On the way back to Sydney for my flight home I get a text message from my wife, Andrea, telling me that my younger brother has completed his angiogram procedure and that they've inserted a stent into one of his major arteries. He's going to live. He retired three weeks ago and has been at the hospital every other day since then having tests after some chest pain. Can I pick him up from hospital the next day as his wife is on crutches after foot surgery and can't drive; Andrea isn't available as she'll be at work - its her third last week; she's been retrenched.

It seems I'm the only one left standing. I feel fine. But I do have strange thoughts as I swim my twenty laps of my local pool where I wonder how long it would take the other swimmers to notice my body on the bottom of the pool if I karked it mid swim.


Jinksy said...

That did read like a disaster movie?! LOL. Glad you didn't kark before you finished typing it! Hehehe!

Elisabeth said...

What a saga. Why do we leave it till our forties and beyond to explore our ancestry? I ask myself often.

We leave it till late in the piece when our bodies begin to fall apart and many of those a tad older are on their way our or have already gone.

But I trust you'll keep on standing tall.

Anonymous said...

I have noticed that men in particular get preoccupied with their health. I belong to group who meet on the last Weds of each month; I had to stop going every month - the conversation revolved around body part replacements, dodgy tickers, medication and funerals.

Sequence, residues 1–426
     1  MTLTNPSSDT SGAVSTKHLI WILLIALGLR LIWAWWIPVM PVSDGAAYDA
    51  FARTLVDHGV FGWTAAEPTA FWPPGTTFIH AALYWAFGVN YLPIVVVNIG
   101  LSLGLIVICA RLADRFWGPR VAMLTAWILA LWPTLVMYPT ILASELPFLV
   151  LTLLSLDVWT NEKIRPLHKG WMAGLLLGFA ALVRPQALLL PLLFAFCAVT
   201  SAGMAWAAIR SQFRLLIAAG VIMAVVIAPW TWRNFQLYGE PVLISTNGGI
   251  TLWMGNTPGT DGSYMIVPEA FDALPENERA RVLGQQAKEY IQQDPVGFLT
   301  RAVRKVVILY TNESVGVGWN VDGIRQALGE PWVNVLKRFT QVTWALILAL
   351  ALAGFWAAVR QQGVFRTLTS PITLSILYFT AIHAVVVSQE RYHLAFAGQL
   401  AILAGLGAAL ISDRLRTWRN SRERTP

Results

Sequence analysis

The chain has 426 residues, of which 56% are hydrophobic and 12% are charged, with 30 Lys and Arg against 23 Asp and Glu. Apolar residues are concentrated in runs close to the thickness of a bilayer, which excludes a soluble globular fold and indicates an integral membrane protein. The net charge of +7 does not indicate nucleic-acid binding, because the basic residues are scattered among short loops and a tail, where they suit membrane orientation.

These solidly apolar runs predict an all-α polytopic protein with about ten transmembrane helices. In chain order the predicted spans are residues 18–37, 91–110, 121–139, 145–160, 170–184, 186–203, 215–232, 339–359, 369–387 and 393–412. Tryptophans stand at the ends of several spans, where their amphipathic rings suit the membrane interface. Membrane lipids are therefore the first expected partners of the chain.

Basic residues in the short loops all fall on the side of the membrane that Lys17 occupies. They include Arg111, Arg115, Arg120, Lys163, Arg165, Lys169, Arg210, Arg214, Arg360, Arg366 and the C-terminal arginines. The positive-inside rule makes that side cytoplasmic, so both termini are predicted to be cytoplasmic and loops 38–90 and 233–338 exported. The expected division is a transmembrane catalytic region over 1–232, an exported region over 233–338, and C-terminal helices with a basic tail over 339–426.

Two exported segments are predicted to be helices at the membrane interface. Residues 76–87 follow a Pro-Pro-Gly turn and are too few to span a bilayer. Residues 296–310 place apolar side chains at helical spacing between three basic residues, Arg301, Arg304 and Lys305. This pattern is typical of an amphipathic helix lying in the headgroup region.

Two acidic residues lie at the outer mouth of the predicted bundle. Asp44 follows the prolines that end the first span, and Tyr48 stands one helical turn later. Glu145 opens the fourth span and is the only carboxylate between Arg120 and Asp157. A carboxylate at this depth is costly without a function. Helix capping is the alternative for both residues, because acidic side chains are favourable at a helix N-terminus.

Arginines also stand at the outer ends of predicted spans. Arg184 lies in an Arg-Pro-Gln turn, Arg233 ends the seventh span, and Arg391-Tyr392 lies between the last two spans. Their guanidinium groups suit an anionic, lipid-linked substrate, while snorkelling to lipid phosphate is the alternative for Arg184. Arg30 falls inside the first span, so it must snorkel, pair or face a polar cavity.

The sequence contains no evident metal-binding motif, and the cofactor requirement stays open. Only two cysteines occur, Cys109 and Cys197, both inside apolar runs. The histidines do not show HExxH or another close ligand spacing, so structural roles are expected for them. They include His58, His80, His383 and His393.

Good to read about the progress of your task!

little hat said...

good to heqr from you. Yes it felt like a slow disaster movie unfolding around me. Of course artistic licence has played a part in heightening the effect.

it is interesting that we leave it so late. I guess we suddenly feel mortal as our oldies start to fade and some urgency kicks in.

was it a group of men you were consorting with? and why do you think men become so obsessed? Maybe we start to see that our women won't necessarily be around or capable of looking after us? Or perhaps men pride themselves on being such physical specimens that the twinges of old age herald some loss of power and control?

Queen of the Tea Cosies said...

Ah! It is all sixtieths and funerals from now on. And organ music.

Anonymous said...

I live in Annandale which is the suburb next to Leichhardt and was interested to hear of your family links to the area. I have recently started exploring my family tree back in Ireland and have foond a situation similar to yours where most of the family members I speak to are peoccupied with their health (and for good reason, most of the time.)

When I was in hospital recently it opened my eyes when I realised how many people similar in age to me (46) or slightly older were on a huge amount of medication or had a litany of physical copmplaints. I feel so grateful that I was in hospital as the result of an accident from which I will fully recover and not because of complications due to a chronic illness.

I am sure you'll remain standing for a long, long time.

Mickcap said...

Just a temporary setback, Steve. I am back cycling and swimming in the lake here today - mortality postponed for now!

Jennifer said...

I got to the end of this piece and I looked at the photo of the three of you and the word "gratitude" was what entered my head. Funny that Selma had a similar reaction to the post.

All any of us has is now. How lucky we are to have it. And we're lucky your sharing yours with us Steve.

christina houen said...

Very interesting; I like the way you weave family and personal stories into a narrative of events. I resonate with this because I lived in Parramatta Road Petersham many years ago, when I was first married, and some of the beat you cover was my beat. I still yearn for Sydney, though I know I can't live there. Reading your story makes me realise how fortunate I am, though, in my health, and so far, the health of those I love.